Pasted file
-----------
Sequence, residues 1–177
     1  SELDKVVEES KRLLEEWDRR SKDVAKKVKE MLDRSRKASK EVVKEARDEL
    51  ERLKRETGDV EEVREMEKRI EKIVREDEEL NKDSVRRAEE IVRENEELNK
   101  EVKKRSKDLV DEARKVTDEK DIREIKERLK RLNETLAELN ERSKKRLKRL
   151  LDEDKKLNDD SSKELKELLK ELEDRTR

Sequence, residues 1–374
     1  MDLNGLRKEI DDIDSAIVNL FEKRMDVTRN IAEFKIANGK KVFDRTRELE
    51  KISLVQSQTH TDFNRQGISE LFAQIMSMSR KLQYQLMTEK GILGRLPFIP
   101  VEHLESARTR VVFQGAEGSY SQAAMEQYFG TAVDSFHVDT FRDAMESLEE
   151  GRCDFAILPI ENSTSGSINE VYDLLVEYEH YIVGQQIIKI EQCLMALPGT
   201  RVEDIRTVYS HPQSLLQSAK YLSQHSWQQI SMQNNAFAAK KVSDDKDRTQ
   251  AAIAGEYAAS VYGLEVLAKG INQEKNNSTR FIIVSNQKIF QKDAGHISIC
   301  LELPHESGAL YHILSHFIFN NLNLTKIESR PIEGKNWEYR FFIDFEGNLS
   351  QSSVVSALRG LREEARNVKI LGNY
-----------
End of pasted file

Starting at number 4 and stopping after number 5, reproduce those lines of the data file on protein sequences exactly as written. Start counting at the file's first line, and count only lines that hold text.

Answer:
   101  EVKKRSKDLV DEARKVTDEK DIREIKERLK RLNETLAELN ERSKKRLKRL
   151  LDEDKKLNDD SSKELKELLK ELEDRTR